This was inspired by someone I know, who said the other day, “Don’t wait to have hope.” In some ways, that’s easier said than done, but I had sort of forgotten that you, by definition, don’t have to wait for better times in order to have hope.
Linda’s SoCS prompt today is “color,” and I choose purple. I wrote an etheree and made it as stream-of-consciousness as possible, just counting the syllables per line to be sure it was correct. This was a fun prompt and pretty open-ended, so I might write some more, and it will be fun to read others’ posts also.
Color for Advent, Lent —
Times of expectant waiting.
Reminders of the richness which
Comes after those weeks, months of waiting,
And that the celebration lasts always.
This is a little silly, but it happened the other day. I may have hundreds of dollars in unused gift cards at this point. For FOWC: Redeem.
Unused Gift cards waiting Hidden, to be redeemed: Forgotten in my old wallet Now seen.
P.S. Before posting this, I was thinking about how I’m kind of surprised I didn’t write anything about Jesus. 🙂 “Redeem” is an easy word to use on that topic. One of the major themes of Christianity is redeeming a broken life (and we all have a broken life to some extent) so that even one’s mistakes, when admitted, can be used for good. (see Romans 8:28). Okay, my sermon is over. 🙂
I wrote this string of haiku after observing the strawberry plants in my family’s garden. We have many berries growing and a few flowers on the plants.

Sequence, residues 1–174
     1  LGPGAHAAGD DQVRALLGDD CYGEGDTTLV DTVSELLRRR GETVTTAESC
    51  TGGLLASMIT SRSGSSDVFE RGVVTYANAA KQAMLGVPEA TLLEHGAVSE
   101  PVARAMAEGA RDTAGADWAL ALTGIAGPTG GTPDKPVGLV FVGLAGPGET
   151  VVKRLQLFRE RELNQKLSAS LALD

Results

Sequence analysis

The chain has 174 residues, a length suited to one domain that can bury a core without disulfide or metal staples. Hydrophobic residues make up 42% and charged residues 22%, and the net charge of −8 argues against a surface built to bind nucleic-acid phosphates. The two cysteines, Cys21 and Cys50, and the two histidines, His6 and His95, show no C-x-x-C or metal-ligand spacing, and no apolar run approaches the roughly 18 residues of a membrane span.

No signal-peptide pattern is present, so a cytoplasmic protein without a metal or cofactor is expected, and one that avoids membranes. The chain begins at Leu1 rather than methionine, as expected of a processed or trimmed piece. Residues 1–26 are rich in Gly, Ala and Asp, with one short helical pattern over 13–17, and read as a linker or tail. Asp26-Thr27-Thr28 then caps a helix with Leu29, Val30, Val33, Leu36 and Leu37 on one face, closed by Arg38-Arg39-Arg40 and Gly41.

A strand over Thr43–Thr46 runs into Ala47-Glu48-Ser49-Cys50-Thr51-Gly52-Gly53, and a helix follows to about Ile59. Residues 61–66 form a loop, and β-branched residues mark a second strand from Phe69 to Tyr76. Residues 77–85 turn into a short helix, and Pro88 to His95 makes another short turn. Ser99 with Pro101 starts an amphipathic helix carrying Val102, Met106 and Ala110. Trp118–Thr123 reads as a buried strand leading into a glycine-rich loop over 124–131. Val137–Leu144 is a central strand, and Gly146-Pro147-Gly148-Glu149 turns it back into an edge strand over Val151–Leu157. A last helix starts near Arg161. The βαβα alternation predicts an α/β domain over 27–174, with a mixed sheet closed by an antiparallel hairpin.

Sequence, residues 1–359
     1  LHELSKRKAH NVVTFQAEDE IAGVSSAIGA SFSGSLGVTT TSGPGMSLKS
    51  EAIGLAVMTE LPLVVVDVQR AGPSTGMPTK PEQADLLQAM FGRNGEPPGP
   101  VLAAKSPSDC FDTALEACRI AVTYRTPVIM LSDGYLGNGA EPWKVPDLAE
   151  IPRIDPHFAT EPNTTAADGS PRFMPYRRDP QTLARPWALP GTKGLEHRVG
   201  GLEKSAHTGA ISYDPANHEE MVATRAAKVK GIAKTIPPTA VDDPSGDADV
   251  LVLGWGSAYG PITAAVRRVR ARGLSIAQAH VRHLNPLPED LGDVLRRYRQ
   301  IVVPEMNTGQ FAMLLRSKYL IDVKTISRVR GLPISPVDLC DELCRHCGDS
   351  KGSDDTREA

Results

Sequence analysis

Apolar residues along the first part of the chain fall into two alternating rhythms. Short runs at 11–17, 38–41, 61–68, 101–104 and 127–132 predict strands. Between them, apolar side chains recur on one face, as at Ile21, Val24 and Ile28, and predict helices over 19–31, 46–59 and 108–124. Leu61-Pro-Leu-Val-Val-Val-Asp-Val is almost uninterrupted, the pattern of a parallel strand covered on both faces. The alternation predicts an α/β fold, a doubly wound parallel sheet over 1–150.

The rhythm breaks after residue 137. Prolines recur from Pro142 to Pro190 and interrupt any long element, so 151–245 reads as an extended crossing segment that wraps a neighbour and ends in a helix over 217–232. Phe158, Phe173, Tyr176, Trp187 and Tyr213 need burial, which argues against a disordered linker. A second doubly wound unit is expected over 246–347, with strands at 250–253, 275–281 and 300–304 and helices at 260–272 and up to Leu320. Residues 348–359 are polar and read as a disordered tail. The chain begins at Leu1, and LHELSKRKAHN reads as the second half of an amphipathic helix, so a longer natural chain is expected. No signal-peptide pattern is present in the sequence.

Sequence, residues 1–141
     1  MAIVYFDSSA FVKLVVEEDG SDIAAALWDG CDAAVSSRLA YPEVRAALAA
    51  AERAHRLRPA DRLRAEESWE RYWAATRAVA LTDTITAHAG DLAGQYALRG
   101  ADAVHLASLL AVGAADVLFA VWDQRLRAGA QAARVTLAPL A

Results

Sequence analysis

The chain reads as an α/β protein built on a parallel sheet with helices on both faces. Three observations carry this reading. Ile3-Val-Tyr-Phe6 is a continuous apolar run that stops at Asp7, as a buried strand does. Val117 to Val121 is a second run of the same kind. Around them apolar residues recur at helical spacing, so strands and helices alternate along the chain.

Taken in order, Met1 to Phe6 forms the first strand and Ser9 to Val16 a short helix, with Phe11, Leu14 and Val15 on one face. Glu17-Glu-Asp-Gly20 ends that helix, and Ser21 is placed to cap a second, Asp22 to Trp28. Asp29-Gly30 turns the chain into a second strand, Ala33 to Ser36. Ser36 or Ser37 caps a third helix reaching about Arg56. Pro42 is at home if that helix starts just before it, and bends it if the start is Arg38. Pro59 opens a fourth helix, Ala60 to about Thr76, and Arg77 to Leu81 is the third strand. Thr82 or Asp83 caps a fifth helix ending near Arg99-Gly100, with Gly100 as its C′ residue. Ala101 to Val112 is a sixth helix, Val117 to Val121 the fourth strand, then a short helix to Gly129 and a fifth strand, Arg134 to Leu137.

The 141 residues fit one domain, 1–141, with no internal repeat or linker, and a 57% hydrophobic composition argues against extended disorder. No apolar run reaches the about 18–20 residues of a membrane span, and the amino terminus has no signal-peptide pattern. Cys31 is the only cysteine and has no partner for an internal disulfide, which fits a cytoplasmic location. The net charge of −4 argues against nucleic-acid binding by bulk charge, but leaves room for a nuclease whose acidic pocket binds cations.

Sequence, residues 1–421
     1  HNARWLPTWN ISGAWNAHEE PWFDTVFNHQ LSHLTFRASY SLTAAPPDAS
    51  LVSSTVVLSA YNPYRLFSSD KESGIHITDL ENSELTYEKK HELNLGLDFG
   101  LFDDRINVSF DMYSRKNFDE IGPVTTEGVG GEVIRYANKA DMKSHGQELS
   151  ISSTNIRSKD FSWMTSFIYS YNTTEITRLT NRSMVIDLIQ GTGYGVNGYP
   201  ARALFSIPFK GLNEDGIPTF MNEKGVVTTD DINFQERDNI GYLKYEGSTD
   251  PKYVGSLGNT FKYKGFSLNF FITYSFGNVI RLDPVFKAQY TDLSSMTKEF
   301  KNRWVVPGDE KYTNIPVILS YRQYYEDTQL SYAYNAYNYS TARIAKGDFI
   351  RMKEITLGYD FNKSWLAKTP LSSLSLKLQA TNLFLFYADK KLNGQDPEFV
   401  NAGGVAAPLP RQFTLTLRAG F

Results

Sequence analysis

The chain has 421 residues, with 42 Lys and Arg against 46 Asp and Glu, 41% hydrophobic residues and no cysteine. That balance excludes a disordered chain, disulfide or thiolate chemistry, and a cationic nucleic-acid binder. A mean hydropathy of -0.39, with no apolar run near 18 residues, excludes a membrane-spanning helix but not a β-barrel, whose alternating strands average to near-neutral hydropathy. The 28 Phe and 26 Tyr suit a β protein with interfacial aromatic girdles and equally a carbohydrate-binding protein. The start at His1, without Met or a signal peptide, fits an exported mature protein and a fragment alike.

I wrote this poem, in a way, to the little flower and about them. The interesting thing about them is that, even though there are many fully-grown berries by them, they do not compare themselves, and they never think that they are growing too slowly, nor think of themselves as failures. There are lessons that flowers can teach us, I think. And by “us,” of course I mean “me.”
I hate emotions but love FOWC. 🙂 I feel great all day and then write something like this at night. What I often tell myself is, “At least I got a poem out of it,” but it still gets really old, really quickly. TT_______TT
For this week’s Weekly Scribblings at PSU, Rommy prompts us with several lines from the musical “Hamilton.” This brings back a lot of memories because I was really into the musical when it first came out, and certain lines from it really inspired and motivated me at the time. This is not a poem today. This is prose, and this is nonfiction.
“Dying is easy, young man. Living is harder.” That line could be the summary of my life.
Except, dying wasn’t all that easy, either.
With depression as persistent as it is, and the eating disorder which covered it being so dangerously severe, I’m amazed that I did not die. Soon after the musical “Hamilton” came out and my friend introduced me to its songs, I was in an intensive therapy program (again) to help with the eating disorder behaviors and consequences (again). I had heard that anorexia has one of the highest mortality rates of any mental illness, with up to 25% of sufferers dying, especially if they do not receive treatment. Thinking about all of the people I had met during my recovery journey — it was at least 4 dozen. Take 25% of that; that’s how many could have died already, when I was given a second chance and a third chance. Sometimes, I didn’t even want those extra chances, so why did they not go to somebody else?
I had asked myself — still do, in fact — why I got treatment, why I’m still alive at all. Even during that stint in the therapy program, I was inspired by another line from “Hamilton”: “If there’s a reason I’m still alive when so many have died, then I’m willing to wait for it.” Two years later, I revisited my journal from that time, and I was still waiting yet also re-inspired. If I ever find out the reason why God saved me, I am still willing to wait for it.